Yesterday I bought yogurt with a sell-by date of October 10—a.k.a., the same day as my marathon. This always freaks me out: If a dairy product can go bad by the time I need to run 26.2 miles, it must mean there isn’t much training time left.
Although there are a mere 26 days left before race day, there’s still time to make meaningful differences in the 10/10/10 outcome. Such as adopting a new mindset toward workouts. It’s all in the phrasing. Like my twins’ kindergarten teacher telling her students they will have “rest” after lunch, not “naptime,” the activity is the same, only the wording is different. I’ve decided instead of deeming some workouts, “hard,” they are now “demanding.”
The paradigm shift happened last Thursday as I picked up my speed for six miles of tempo after a 2-mile warm-up. I was supposed to run at roughly my projected marathon pace. The miles stretched ahead of me, as never-ending as round-the-clock breastfeeding of a newborn baby. (“Come on, kid, I just gotta catch a 4-hour break here. Please!”) As my legs and lungs revved, the wordsmith part of my brain clicked in, offering up a mental reprieve. Rather than being hard, tough, brutal, grueling, unbearable, killer—pick your adjective—the run was going to be simply demanding. While the term still had a sharp, slightly painful edge to it, it stayed on this side of misery. It was a bar I could clear without scraping myself too badly on it.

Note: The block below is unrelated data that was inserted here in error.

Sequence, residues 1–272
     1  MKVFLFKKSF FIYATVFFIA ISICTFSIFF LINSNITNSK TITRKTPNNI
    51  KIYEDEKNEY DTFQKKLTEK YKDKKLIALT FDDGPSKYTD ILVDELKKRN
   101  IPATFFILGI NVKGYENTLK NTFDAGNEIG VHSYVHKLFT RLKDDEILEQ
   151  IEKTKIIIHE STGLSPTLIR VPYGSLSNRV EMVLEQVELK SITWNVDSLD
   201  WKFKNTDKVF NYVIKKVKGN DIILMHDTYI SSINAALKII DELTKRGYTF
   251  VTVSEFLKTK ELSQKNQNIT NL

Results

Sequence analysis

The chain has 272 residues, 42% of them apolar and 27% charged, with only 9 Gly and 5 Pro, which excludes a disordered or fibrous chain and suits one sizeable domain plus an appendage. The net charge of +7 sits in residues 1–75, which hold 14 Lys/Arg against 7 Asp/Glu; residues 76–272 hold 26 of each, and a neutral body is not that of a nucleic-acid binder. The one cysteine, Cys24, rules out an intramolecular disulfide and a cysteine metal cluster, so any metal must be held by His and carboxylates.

Sure enough, each mile clicked by. I even ran slightly faster than I project I will in a month (8:31 versus 8:41). I was pumped! As I cooled down for another two miles, I envisioned the rest of my training schedule, mentally recasting the remaining track and tempo workouts. Knowing there are so few demanding workouts left—and that they now take less of a psychic toll on me—felt as comforting as slipping on a dry sweatshirt at the end of my run. What mind games do you use to get you over the hump of a workout?